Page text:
What Ike discovers when he arrives in Hale is that no one appears particularly disturbed by Maggie's behavior. They all go on about their business, including Maggie, who runs a hardware store when she is isn't off breaking hearts. Ike's first task is to interview the victims, but they turn out to be so uniformly unperturbed that you begin to wonder if the entire town isn't monkeying around with the jilted men's serotonin levels. One salient detail from his investigation does stand out, though. In all her relationships with the grooms-to-be, the men reported that she liked her eggs the same way they did. What's strange, though, is that each groom liked their eggs prepared a different way. Makes you want to yell voilà!, doesn't it?

At this late moment in the millennium, Julia Roberts is the most bankable — and the highest paid — female star in the movies. And it was her performance in this team's initial pairing that gave audiences their first real sense of what she could do. Runaway Bride, unfortunately, gives her little opportunity to strut her stuff. In fact, Maggie — who seems totally unfazed by her behavior — may be the most unpleasant, off-putting character in Roberts's career. Nor does she seem even the slightest bit attracted to her co-star until the crucial moment when they simultaneously discover that they are smitten.

At that point, when jilted groom number four (a likable, lightweight Christopher Meloni) asks how long Maggie and Ike's attraction has existed, Maggie glibly answers, "About a minute." (Ike's answer: "For me, a little longer.") All this does is make the star's signature smile and gamine charm seem premeditated and manipulative. She likes this little game of breaking men's hearts and, seemingly, has no intention of changing her ways.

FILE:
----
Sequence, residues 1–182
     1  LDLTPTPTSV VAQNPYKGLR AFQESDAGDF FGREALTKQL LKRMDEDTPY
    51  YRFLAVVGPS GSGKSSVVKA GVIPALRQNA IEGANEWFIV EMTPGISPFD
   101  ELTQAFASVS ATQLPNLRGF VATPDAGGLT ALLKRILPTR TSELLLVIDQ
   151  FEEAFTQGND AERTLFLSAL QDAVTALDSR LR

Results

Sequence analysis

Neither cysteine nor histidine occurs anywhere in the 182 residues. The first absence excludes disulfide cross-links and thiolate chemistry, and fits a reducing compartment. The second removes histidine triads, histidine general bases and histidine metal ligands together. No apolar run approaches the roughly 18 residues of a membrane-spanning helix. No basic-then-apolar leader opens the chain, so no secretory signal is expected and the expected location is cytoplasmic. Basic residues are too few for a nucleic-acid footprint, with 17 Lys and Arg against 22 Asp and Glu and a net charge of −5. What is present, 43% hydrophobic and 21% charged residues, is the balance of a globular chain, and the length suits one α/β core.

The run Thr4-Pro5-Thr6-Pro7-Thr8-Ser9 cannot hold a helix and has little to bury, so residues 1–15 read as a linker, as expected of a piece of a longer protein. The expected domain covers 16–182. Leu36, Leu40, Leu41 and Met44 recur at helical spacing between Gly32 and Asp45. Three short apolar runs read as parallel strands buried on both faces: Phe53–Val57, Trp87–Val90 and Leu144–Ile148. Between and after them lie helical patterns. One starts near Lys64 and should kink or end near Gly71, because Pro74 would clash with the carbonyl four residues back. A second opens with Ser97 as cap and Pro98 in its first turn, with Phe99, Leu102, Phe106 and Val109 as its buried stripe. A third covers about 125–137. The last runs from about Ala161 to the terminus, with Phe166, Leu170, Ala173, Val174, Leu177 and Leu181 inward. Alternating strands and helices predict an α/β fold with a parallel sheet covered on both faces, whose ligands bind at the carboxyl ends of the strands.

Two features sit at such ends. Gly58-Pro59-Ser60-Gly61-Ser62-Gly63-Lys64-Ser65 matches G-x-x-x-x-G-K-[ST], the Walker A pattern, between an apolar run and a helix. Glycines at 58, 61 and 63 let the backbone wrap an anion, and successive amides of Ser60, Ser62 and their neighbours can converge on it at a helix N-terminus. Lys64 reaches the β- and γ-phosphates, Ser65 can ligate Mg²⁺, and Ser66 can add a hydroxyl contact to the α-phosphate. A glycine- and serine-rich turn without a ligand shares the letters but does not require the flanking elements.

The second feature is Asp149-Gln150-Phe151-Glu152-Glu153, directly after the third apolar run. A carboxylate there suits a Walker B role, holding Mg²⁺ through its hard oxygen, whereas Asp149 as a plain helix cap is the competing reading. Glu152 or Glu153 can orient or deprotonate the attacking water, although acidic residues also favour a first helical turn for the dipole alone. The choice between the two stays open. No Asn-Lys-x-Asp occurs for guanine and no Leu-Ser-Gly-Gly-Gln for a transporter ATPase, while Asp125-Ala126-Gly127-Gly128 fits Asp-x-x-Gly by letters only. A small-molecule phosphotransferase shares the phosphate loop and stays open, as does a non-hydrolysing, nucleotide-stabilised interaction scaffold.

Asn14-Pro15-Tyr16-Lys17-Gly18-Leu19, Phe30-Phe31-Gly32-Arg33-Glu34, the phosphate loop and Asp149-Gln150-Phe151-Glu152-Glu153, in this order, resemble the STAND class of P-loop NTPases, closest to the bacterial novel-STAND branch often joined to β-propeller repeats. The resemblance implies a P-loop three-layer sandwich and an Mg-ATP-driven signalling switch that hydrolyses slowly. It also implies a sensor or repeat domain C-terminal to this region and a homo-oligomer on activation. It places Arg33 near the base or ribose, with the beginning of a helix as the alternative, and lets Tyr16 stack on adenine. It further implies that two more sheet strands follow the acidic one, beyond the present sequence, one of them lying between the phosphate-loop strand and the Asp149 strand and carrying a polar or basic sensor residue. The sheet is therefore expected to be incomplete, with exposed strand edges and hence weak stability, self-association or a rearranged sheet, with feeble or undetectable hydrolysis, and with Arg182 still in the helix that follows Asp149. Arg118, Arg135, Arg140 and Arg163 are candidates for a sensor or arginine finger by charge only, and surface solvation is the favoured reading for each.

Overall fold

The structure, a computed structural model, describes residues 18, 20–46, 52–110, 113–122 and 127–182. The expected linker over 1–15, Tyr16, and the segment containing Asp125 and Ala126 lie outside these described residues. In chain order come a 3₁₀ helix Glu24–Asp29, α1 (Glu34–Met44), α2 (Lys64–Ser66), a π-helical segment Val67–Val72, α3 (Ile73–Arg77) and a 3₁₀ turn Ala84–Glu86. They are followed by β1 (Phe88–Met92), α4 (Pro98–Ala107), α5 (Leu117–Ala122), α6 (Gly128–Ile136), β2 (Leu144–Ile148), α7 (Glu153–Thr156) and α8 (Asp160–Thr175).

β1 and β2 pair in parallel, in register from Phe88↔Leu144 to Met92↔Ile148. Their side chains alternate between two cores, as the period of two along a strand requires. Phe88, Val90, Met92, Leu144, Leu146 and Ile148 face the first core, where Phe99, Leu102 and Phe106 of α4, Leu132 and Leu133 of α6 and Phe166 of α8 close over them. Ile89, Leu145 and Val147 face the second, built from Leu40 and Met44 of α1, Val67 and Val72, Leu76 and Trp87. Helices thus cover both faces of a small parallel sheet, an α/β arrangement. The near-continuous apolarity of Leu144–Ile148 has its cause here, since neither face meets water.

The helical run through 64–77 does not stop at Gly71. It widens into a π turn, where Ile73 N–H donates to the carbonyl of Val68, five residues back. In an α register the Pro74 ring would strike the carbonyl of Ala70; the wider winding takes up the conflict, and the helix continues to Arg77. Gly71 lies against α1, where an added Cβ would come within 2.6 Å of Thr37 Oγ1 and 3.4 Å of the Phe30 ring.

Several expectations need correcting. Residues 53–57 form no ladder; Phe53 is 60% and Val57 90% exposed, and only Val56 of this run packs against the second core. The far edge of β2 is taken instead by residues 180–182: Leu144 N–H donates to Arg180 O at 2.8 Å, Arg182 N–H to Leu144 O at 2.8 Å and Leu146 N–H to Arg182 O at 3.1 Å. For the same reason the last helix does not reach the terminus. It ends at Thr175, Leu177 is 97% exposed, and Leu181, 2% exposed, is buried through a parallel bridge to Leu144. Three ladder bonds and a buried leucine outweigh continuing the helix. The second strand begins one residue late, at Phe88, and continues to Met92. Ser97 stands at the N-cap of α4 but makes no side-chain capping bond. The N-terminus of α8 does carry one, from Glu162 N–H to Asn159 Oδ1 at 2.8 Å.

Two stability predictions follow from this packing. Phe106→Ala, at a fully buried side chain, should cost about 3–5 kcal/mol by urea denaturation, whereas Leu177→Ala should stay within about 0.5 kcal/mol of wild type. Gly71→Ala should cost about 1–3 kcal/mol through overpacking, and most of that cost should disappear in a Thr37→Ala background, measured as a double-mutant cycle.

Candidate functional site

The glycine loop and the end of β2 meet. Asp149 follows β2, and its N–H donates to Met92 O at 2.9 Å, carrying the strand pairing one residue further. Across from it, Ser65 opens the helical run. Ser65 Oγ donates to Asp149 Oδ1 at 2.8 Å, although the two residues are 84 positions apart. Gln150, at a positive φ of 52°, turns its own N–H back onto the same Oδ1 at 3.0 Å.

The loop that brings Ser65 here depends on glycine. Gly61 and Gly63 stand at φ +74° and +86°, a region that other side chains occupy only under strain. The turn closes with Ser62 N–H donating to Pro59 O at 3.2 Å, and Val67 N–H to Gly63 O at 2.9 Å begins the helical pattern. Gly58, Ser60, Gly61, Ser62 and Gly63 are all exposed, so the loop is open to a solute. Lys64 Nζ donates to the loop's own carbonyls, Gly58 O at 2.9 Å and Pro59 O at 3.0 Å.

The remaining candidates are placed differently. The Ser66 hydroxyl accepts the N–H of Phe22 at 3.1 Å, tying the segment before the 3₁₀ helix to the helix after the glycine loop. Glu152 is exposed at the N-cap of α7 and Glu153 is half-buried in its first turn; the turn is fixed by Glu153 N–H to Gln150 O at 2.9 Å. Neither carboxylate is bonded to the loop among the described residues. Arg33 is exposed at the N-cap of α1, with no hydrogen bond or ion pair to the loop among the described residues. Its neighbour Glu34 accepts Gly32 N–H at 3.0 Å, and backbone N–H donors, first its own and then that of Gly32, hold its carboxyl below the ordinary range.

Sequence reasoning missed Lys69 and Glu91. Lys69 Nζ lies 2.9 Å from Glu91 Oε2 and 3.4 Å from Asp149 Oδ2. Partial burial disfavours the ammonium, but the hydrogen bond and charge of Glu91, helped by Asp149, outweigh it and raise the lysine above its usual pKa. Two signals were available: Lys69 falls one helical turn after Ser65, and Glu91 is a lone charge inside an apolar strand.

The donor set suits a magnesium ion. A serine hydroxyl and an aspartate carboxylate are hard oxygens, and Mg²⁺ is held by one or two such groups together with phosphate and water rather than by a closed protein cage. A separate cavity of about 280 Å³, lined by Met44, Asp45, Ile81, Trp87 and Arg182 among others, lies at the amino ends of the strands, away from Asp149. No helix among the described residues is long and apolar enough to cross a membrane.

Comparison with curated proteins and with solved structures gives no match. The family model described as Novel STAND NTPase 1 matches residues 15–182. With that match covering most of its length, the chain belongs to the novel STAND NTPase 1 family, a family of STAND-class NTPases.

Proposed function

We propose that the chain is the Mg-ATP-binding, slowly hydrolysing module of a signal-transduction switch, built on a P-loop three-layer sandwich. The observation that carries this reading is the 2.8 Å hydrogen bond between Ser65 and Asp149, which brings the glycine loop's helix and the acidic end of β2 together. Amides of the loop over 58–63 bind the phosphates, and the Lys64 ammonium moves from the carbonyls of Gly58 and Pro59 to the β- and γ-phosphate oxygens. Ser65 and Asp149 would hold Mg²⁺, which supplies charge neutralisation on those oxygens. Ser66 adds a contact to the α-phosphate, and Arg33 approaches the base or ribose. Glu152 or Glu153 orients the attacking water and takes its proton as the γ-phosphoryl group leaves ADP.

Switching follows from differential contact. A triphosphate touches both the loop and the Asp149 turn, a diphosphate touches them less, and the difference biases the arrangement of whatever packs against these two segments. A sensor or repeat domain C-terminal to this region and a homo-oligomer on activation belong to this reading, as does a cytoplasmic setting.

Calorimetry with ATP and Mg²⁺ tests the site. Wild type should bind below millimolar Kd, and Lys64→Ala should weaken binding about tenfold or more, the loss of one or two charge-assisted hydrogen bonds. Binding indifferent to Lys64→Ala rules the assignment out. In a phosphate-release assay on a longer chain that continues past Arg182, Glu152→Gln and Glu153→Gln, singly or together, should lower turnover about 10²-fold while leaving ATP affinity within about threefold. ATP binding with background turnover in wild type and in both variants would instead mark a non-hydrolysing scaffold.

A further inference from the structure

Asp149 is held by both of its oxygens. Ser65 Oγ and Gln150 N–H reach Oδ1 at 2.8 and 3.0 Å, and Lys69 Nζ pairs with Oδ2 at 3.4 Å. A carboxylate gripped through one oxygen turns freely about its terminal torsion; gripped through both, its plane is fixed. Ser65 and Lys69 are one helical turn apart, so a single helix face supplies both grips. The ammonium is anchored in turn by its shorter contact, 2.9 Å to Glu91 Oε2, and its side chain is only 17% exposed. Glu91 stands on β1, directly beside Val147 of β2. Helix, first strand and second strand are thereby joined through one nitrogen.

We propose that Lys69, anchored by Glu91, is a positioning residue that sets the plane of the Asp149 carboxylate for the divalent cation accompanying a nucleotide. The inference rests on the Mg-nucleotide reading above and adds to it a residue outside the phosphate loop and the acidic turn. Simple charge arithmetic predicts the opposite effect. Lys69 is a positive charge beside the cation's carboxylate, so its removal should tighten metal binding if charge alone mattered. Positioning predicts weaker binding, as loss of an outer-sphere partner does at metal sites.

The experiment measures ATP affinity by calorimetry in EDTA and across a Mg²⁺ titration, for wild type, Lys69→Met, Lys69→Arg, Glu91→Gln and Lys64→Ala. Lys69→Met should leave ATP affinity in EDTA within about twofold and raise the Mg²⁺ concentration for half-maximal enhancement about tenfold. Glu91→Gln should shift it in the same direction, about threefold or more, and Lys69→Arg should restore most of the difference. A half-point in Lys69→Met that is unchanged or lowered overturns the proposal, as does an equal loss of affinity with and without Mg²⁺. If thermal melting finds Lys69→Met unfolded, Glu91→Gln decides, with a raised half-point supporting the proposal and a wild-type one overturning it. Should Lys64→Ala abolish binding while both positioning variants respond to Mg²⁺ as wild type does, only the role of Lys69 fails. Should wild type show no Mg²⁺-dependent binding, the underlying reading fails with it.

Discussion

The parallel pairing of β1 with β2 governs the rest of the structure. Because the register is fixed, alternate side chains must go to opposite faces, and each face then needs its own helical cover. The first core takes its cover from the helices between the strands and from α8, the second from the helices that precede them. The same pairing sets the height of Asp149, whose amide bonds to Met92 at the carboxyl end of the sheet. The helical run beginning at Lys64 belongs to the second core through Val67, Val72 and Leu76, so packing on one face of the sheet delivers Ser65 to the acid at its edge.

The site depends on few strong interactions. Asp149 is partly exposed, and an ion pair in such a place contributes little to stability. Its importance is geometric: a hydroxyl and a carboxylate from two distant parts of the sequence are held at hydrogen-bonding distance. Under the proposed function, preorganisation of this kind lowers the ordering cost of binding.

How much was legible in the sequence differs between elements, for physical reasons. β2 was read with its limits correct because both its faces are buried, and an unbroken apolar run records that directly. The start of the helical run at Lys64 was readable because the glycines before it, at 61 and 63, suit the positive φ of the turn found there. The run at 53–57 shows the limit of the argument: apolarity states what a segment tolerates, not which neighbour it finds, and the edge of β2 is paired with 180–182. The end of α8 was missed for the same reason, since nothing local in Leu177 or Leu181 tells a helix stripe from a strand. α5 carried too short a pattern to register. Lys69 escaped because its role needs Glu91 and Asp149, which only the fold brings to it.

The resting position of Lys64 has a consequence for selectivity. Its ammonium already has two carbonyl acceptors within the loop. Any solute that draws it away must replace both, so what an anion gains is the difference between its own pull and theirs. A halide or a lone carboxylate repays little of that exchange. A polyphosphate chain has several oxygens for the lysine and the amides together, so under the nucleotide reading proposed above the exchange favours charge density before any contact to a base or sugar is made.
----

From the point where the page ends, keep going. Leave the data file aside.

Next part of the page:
Strangely enough, it's Gere, usually laid-back in his romantic roles, who's the more energetic of the two stars. As Ike, Gere is more animated than he has been for some time and pulls it off, uncharacteristically, without seeming antic or strained. (Think of his manic performances in Breathless, Looking for Mr. Goodbar, or Mr. Jones.) Nor is there a trace of the smugness and self-satisfaction that tarnishes so much of his work. His performance here is easygoing and balanced, and one of his most appealing. Too bad it all goes to waste in a movie that is on the verge of collapse from the opening frame.

When the film finally does fall completely apart, it seems little more than a foregone conclusion. Ike and Maggie get together for one reason and one reason only — because they have to, that's why. Perish the thought that Marshall, who gave us, among other things, Laverne & Shirley, might play upon our expectations and attempt something original. Everything about Runaway Bride — the sitcom pacing, the unvaried shot selection, the clichéd music — is perfectly ordinary. Marshall is the very definition of a hack: His one and only desire is to play to the lowest common denominator. This is the secret of his success: He aspires to mediocrity. With Runaway Bride, he has scored another bull's-eye.